Search
Close this search box.
Search
Close this search box.
Search
Close this search box.

Understanding Mesh Refinement in SOLIDWORKS Flow Simulation CFD 11/13

Understanding Mesh Refinement in SOLIDWORKS Flow Simulation CFD

Learn more about SOLIDWORKS Flow Simulation.

 

I want to take a look at the default settings. Initially, you’ve got this happy fun time slider bar. I call it the happy fun time slider bar because it doesn’t tell you anything. How accurate do you want it to be?  3! Yay! How about 4? Awesome! Now what is 3 versus 4? It’s quite a lot of things. So I will show you what that is and how that works.

 

But here’s that close thin slots option. That is another quick way to close leaks in a sheet metal enclosure.

 

For the initial mesh, the default value is 3. I’m going to jump into the manual mode. In manual mode, it starts wherever you left off. So if you picked five and then jumped into manual mode, that’s going to be the starting point.  It gives you a basic mesh, looks about like this, tries to keep the squares as close to an aspect ratio of one as possible.

 

The typical default values are level of two refinement on narrow channels with a characteristic number of cells of 5, advanced refinement of four, and geometric tolerance level of five.  That’s usually the default values, although usually it’ll update as you start using it. It might switch over to a different, default starting value. These values can be problematic, let me talk about what exactly meshing is doing and why it can be problematic.

 

When you do a mesh, you start out with a basic mesh.  Each element in that basic mesh is one element, one data point. And if you refine that to level 2, you split that in 3 directions. So 2 to the 3rd power is 8. Now if you were to split all of those again, You would hit 64. Now that’s only two refinement levels up. We’re now 64 times bigger, and every time you go up another refinement level, your mesh count starts to explode exponentially.  This is what can create massive meshes. This is one of the reasons you want to simplify your geometry, but you don’t have to do geometry simplification to achieve an efficient mesh. And here’s the key, we need an efficient mesh. We’re not ready for a final solve. This study is not set up and ready to give us that solve that takes all afternoon or all night and gives us a super accurate result.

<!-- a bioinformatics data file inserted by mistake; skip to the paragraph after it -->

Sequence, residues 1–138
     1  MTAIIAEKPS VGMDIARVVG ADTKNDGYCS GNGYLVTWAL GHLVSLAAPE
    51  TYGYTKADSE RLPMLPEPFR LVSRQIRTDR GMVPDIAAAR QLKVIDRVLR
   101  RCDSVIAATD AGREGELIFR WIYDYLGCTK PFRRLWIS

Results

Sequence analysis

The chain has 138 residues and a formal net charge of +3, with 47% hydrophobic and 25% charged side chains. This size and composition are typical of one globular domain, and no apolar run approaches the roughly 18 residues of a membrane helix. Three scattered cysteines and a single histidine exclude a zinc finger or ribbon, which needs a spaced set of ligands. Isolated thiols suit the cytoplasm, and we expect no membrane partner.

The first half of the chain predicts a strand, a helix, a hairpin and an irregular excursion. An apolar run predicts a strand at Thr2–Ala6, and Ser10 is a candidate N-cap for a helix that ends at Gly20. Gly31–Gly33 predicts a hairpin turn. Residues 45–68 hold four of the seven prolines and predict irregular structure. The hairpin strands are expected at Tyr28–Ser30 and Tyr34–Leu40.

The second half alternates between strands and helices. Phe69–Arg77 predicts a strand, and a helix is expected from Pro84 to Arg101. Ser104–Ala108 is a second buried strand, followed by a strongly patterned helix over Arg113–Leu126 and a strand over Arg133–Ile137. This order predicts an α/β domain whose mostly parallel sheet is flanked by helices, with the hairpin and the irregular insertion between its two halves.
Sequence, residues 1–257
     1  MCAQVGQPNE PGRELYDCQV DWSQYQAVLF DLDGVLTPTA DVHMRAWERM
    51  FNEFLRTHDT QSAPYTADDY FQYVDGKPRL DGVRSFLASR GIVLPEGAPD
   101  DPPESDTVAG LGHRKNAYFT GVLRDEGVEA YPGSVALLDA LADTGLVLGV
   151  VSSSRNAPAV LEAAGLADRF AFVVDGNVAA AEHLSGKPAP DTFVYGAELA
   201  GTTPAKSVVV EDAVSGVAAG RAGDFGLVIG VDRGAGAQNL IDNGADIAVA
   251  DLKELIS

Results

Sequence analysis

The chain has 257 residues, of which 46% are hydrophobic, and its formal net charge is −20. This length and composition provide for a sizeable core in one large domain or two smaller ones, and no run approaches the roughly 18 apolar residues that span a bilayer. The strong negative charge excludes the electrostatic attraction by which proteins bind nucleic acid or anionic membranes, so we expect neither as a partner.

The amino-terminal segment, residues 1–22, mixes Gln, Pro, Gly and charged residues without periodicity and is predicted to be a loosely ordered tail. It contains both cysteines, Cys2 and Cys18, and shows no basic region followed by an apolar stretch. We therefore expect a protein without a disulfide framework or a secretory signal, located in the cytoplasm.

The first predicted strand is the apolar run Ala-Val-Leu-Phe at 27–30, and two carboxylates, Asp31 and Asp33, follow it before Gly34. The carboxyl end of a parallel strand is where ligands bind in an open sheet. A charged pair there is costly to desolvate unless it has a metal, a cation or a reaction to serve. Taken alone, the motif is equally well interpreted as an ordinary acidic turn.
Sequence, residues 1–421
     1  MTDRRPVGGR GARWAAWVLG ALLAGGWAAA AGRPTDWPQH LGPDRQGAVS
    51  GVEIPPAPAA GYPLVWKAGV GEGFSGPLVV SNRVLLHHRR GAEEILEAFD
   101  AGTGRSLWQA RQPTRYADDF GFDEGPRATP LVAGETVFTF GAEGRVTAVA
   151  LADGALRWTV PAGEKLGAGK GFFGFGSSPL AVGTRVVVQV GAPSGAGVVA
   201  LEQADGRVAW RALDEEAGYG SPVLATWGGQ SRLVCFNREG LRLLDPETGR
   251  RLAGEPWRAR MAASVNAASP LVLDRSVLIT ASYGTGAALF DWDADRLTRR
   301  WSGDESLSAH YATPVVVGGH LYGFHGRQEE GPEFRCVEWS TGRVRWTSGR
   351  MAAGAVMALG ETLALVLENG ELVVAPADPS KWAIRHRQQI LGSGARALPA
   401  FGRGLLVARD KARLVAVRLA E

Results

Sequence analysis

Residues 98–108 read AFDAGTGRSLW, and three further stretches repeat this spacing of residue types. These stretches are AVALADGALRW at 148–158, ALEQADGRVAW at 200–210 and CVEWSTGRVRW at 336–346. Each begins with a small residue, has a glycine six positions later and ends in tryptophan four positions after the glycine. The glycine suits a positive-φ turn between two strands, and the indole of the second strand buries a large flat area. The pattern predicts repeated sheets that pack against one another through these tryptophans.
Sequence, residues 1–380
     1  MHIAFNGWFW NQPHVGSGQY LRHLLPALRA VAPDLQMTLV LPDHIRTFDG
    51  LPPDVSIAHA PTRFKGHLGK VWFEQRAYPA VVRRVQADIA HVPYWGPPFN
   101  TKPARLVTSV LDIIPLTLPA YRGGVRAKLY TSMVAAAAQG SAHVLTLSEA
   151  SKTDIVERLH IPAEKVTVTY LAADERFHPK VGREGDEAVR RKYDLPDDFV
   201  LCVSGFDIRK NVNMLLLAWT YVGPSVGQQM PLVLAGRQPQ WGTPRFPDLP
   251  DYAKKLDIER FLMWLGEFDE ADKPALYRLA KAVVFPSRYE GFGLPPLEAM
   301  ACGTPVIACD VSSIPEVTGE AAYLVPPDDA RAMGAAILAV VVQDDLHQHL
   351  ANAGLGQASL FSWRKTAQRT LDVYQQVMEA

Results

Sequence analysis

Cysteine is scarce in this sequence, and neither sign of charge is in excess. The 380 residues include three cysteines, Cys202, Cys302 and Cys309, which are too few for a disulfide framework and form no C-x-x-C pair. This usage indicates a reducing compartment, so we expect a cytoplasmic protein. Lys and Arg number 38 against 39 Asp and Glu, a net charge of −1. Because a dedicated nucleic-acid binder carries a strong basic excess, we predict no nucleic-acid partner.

We don’t have confidence in this study setup yet. So we need a very efficient mesh to start with. Then go back and do things like unsuppressed all the components on the circuit board. and run it all night and do all that kind of fun stuff. This is what the meshing dialog looks like and I’m going to try to explain meshing and mesh controls in Flow Simulation as a balance between what you want and what you have to offer.

 

For example, narrow channels. That’s the very first mesh refinement characteristic that you can set. Five is the characteristic number of cells across a channel. Those slots on the sides of the enclosure where I’m going to put my pressure boundaries, those are channels, right? Two opposing faces separated by a gap.  So what I’m telling it is I want five elements to, cover that gap opening. You’re going to have to refine from your basic mesh a certain number of times to hit that number. How many times do you have to refine?  I don’t know. But what I’ve done here is I’ve said two is the refinement level that I am willing to give. I have two refinement levels to give to the channel refinement strategy. So if you see a channel, and it has less than 5 elements across the channel, refine it up to level 2, but no further.

 

This doesn’t mean the mesh can’t go beyond level 2, I just can’t from a channel definition. And so what really gets complicated is elements are going to get meshed based on multiple overlapping criteria.

 

Let’s go down to advanced refinement. It starts out with a small solid feature refinement at level four. That’s significantly smaller elements, at a larger refinement level than it is on the channels. In this specific study, you could turn off channel refinement and it would probably have zero impact on your results.

 

But refinement level four means if I see a sharp corner, I want refined mesh around that sharp corner. The last one that’s enabled is down here, this tolerance level is five. If I have a bumpy surface, Even just a really small divot, like an embossed text that’s just a thousandth of an inch thick.

 

I can go up to a level of five to refine that and get a good mesh around that text. Do I care about refined text? No, I absolutely do not care about embossed text. So like this reset button, around these screws and stuff like that, I’m expecting a really tight mesh in those areas.

Technical Support

Get help from our team by Calling us at 800-364-1652 x 2. You can also get assistance by clicking the Technical Support button or the Email Our Experts button below. 

More in this series

About the author

Want to learn more about 3DEXPERIENCE Solutions?

Scroll to Top